We haven't seen many eagles on this trip, but the swallow-tailed kites have made up for it. 

For about 25 minutes this afternoon the rain came down so hard that visibility was cut to a hundred yards or so. The danger is that you could meet a tow pushing a hundred yards of barges coming around the next curve. So I slowed to just fast enough to maintain steerage, and stayed to the inside bank until the rained eased up.

We anchored about 5:45 tonight along the river again, in a wide, straight section outside the navigation channel, at river mile 147. So far, we've travelled 975 miles, and we have just 69 more to go!

We have no internet service as I write this, so we'll probably be gone before its posted but our coordinates are: N 31 58.744   W 088 04.349

Glenda says:
Well we had our 10th grandchild last night. 

 I'm really proud of all my children.  They have helped each other out a lot while we have been gone.  Not to mention all the things they have done for us so we could do this with fewer worries.  God has truly blessed us!  We left our anchorage around 7:30 today.  We had a nice quiet morning.  I sat out on deck ( trying to get Daisy to pee) and watched the antics of some small swallow type birds as they dived toward the boat and then veered off.  I couldn't tell if they were messing with me or just doing what they do they do naturally.  The scenery changed from sandy beaches to rising bluffs on and off today.  

I saw this beautiful wild magnolia growing up on one of the bluffs.
We watched more swallow tail kites as they sailed through the sky looking for lunch. 
The Coffeeville lock was our next event.  We had to wait about 45 minutes as the lock master locked down a tow before we could enter.  Not long after we successfully went through the lock we caught sight of another relatively large alligator.  You have to understand any alligator that is not fenced in is big to me.

We made a stop a the famous Bobby's Fish Camp.  It was great to get off the boat ( though Daisy had already used the galley floor again).  We were the first at the restuarant which does not seem to have regular hours but the lady behind the counter said that even though she was not the cook she would heat up the oil and start of some catfish.  She said with a smile " I'm not the cook but I know how to cook."  Another couple came on behind us and we enjoyed boat conversation with them.  They were from the Jackson area.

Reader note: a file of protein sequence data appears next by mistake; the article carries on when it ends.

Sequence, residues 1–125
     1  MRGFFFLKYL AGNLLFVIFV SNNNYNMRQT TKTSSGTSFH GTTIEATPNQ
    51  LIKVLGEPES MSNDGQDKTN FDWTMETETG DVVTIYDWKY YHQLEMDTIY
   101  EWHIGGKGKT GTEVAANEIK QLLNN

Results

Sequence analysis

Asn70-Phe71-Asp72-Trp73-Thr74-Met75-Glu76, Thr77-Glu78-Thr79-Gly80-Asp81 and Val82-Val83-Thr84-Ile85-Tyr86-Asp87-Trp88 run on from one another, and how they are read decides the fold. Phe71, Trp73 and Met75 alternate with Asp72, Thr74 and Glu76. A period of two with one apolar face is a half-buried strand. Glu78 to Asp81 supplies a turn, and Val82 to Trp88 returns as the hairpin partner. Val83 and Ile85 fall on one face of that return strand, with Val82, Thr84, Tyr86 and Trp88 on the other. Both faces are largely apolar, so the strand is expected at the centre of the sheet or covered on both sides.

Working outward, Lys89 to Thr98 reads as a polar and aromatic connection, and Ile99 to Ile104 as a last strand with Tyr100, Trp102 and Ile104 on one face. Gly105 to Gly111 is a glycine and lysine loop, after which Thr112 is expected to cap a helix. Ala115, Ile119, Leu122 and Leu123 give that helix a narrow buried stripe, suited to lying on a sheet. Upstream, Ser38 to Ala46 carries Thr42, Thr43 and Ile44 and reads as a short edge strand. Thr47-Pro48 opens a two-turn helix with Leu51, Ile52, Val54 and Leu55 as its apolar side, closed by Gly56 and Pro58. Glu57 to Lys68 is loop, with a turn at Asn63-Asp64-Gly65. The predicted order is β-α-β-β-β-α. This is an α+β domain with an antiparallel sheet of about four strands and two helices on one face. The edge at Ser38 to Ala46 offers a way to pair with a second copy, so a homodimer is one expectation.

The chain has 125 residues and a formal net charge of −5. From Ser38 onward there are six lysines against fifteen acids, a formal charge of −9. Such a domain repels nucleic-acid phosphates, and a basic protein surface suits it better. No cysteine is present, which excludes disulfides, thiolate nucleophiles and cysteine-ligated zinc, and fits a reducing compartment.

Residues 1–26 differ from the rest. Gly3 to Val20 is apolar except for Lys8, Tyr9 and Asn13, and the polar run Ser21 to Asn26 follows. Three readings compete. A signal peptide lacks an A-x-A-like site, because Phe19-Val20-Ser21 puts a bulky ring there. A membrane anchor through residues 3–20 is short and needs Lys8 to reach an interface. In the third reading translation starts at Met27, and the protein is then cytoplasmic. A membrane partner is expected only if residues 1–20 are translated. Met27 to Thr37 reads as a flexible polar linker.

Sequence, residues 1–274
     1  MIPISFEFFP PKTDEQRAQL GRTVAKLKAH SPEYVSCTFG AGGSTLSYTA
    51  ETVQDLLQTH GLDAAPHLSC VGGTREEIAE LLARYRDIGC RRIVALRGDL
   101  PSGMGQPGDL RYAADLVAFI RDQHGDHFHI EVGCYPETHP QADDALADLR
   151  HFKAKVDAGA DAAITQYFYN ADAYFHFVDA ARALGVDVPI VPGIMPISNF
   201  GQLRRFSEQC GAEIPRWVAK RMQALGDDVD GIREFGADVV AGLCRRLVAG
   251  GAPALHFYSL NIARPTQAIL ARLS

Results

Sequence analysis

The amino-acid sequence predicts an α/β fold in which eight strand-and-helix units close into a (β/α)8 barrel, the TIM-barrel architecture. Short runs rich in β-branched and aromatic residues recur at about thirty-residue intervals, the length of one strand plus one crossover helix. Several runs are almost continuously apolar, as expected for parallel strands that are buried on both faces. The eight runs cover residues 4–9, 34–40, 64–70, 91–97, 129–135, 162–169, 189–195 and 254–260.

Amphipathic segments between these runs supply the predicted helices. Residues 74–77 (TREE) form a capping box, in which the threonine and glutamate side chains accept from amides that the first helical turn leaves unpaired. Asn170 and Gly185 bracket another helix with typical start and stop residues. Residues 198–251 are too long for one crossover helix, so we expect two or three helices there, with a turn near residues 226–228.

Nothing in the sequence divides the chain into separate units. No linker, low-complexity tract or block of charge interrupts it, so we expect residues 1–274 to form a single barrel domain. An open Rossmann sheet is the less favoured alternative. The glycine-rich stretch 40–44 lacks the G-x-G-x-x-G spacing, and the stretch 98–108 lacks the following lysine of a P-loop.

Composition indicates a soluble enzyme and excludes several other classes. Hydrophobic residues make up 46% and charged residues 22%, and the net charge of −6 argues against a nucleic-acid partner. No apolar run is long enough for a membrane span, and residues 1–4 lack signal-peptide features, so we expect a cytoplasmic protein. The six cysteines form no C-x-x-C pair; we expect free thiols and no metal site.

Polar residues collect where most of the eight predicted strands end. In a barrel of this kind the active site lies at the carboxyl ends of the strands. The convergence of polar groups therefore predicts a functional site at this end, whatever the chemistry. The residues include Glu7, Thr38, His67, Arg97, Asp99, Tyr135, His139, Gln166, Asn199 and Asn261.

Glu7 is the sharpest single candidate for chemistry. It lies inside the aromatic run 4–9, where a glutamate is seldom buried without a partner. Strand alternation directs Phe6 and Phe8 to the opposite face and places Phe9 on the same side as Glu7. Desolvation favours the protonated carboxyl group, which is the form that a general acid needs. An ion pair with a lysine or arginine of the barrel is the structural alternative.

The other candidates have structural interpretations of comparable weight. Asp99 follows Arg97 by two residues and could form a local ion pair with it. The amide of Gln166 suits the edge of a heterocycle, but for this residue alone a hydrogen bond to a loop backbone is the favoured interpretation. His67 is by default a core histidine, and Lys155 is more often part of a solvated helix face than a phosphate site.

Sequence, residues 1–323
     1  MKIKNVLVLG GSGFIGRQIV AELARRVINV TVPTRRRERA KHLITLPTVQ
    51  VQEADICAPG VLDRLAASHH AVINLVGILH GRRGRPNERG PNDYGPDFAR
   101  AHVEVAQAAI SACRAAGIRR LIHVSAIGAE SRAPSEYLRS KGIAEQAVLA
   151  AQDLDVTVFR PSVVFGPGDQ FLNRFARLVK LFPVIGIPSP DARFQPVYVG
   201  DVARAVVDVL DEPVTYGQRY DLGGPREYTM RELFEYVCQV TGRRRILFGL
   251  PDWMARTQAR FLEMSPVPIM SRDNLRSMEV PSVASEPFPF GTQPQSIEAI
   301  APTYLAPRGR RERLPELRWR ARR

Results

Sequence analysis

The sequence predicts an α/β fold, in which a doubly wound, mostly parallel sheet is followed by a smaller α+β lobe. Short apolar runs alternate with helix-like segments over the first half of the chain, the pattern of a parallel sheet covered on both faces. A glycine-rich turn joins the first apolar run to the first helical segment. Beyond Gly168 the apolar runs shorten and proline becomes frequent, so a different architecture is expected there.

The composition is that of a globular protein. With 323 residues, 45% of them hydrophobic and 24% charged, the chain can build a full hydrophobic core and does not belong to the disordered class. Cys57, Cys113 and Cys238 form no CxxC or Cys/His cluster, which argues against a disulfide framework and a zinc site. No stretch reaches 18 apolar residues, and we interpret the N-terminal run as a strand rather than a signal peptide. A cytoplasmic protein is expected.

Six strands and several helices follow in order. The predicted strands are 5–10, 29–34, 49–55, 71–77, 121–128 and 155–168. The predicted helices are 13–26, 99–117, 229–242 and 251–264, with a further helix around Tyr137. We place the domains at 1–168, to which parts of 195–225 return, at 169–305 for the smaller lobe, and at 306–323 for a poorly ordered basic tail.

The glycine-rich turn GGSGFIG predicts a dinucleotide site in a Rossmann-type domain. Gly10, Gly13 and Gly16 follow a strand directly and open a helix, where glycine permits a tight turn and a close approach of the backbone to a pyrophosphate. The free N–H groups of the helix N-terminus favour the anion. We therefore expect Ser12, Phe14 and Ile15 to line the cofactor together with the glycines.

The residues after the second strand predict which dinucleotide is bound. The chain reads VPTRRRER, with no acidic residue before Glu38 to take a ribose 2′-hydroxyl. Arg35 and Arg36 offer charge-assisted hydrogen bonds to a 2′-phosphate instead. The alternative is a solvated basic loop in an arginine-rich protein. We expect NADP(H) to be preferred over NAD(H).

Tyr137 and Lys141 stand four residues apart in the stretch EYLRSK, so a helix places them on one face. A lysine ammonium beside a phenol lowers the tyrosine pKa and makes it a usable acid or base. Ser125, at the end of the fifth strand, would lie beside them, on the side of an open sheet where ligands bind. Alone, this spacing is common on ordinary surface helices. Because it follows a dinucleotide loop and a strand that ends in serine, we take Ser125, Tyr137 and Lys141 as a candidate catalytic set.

Within 30 minutes of leaving Bobby's the sun disappeared and the afternoon storms rolled in.
Once again it cooled the air.  It rained hard enough that we had to slow down.  We are anchored in a very rural area right on the river and have no internet service, so this will be late getting posted.  

Friday, June 12, 2015

Day 16 bringing Dusty Weather home--June 12th

Other than the traffic noise from I65, we had a peaceful night in Little Lizard Creek. The only other boat we saw was a bass boat that came by just after dark. We pulled up both anchors and motored back down the creek to the main river about 6:30 this morning.

Most of today was cloudy, which held down the temperatures. In the afternoon,  a light rain made the ride somewhat gloomy, but we managed to keep moving for 13 hours, covering 79 miles at about 6 mph.

Dredging operation.

There were lots of tows pushing barges loaded with coal going to the Barry Steam Plant, and others with gravel, sand and such. The ones pushing coal barges typically pushed 8 barges - a line of two directly ahead of the tow, then three on either side. We also passed a large dredge operation, working to keep adequate depths in the river for all the barges. This massive movement of goods and materials is never seen if you don't see it from the water.
Barges being loaded with gravel.

Tomorrow we will transit the Coffeeville Lock, the first lock since we left the Okeechobee Waterway. Just above the lock is Bobby's Fishcamp, where we hope to sample their fried catfish at lunchtime. 

We've travelled a total of 925 miles since we left Ft. Pierce 15 days ago, and we have about 119 miles to go. Depending on whether we get delayed at either of the two locks between here and Demopolis, (or if we get delayed eating catfish), we should be at Kingfisher Bay Marina on Sunday evening or Monday.

For tonight, we are anchored in a wide, straight section of the river, 10 miles downstream of the Coffeeville Lock. Our coordinates are: N 31 32.775   W 088 00.206    
Here's the view downstream:

Leaving Little Lizard Creek.

Glenda says: